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Wet December weather in Wick is not extreme according to records


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Weather Watch by Keith Banks

Coghill's Bridge, Wick Riverside, December 24, 2020. Picture: Alan Hendry
Coghill's Bridge, Wick Riverside, December 24, 2020. Picture: Alan Hendry

Isobars and isotherms are lines on weather maps, that represent patterns of equal pressure and temperature respectively. They detail how pressure and temperature are changing, and therefore provide valuable overviews of the large-scale weather regimes developing across a region.

Isobars and isotherms make it easier for meteorologists to interpret and analyse weather maps and help make predictions about the type of weather conditions that are likely to be experienced.

Isobars, lines of constant pressure on a weather chart, are used to identify the positions of areas of low and high pressure, marked L and H on a weather map.

In general, the areas of lowest pressure are where precipitation is most likely to occur.

The areas of high pressure are usually associated with fine, clear and sunny weather. Where the isobars are packed closely together, conditions are windy.

Elongated areas of low pressure are called "troughs", and the extentions or tongues of the areas of high pressure are called "ridges".

Isotherms are lines of constant or equal temperature. Meteorologists use isotherms to highlight areas that have different temperatures.

Typically, isothermal weather maps employ a selection of colours that are used to show the range of temperatures that are affecting a particular region. The purpose of these colour-shaded maps is to show, at a glance, the areas that are the most warm from those that are cooler.

In brief, isobars and isotherms allow meteorologists to view and to assess large-scale evolving weather processes much more easily and effectively than just looking at the raw data.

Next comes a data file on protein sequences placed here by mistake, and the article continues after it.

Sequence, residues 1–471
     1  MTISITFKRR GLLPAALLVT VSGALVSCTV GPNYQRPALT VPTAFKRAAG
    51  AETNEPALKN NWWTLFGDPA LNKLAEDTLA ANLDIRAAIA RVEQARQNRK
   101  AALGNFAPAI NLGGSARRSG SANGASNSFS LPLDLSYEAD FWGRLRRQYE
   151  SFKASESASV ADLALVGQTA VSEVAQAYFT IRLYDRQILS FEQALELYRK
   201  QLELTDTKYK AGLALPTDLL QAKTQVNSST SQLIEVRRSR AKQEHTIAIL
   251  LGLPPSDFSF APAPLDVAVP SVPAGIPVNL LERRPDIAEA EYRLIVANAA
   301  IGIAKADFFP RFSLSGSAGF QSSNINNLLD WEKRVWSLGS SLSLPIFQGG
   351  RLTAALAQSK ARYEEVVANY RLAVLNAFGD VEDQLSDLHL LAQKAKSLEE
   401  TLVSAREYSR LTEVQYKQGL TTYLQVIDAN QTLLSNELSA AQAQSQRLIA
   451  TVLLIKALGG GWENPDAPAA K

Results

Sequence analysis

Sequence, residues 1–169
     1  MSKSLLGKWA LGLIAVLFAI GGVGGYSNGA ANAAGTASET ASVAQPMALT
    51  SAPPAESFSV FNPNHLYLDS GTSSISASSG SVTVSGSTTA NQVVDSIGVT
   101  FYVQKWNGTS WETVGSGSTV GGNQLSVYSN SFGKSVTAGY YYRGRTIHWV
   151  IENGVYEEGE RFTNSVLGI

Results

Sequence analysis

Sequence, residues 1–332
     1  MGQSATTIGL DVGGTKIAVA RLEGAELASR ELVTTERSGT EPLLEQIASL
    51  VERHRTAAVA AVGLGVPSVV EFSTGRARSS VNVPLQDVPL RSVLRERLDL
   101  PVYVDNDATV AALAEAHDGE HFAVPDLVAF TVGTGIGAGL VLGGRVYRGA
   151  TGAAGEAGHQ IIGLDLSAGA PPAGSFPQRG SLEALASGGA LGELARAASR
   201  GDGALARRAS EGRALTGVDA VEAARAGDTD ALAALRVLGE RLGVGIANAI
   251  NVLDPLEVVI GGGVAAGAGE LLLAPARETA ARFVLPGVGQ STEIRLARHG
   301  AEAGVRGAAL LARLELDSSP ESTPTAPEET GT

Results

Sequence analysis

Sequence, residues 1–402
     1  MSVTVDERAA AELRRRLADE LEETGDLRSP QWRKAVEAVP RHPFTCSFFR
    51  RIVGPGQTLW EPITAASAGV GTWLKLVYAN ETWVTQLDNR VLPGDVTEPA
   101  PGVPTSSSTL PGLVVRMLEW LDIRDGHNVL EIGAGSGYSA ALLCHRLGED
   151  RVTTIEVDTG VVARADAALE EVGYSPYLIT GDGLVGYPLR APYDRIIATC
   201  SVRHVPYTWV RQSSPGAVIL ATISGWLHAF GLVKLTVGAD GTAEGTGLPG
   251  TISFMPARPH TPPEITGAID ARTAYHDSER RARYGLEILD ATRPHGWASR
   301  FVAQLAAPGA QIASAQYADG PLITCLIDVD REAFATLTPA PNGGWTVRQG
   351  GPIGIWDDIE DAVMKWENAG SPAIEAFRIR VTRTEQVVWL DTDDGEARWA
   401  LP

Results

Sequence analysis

A review of Wick's archive for mean air temperature for December showed that December 2020 was the most mild since that of 2018, and that it is the 26th mildest in a series starting in 1910.

December 2020 was also the royal burgh's most wet since that of 2017. However, closer scrutiny of the series showed that it is currently the 50th driest since 1910.

December 2020 did not witness any "days of gale".

Wick's mean air temperature for December 2020 was 5.19C (41.34F). The long-term average for December, in terms of the averaging period 1981-2010, is 4.0C (39.20F).

Wick's average maximum daytime air temperature for December 2020 was 6.93C (44.47F), against an average of 6.60C (43.88F).

The highest maximum air temperature was 10.5C (50.9F), on December 18. The lowest maximum was 2.4C (36.3F), recorded on December 28.

Wick's average overnight minimum air temperature for December 2020 was 3.45C (38.21F), while the long-term average for the month is currently 1.40C (34.52F).

The highest overnight minimum air temperature for the month was 8.3C (46.9F), on December 19.

There were nine air frosts.

The lowest ambient air temperature for the month was minus 3.9C (25.0F), noted on December 4.

The temperature fell to 0.0C (32.0F), or lower, at 5cm over the grass, on 12 dates. The lowest temperature recorded over the grass was minus 6.4C (20.5F), on December 4.

Precipitation was measurable on 28 dates.

The total for the month was 71.2mm (2.80 inches), or 94.7 per cent of the long-term average amount for December. The wettest day was December 7. The total for the 24-hour recording period commencing 9am (GMT), for that date, was 19.6mm (0.77in).

Wind velocities reached or exceeded gale force 8 (39.0mph/33.9knots), on five dates. The windiest day was December 13, when a force 7 south-easterly wind gusted up to 51.8mph/45.0knots, during the hour ending 8pm.

Snow was visible over the grass at dawn on December 24 and 29.



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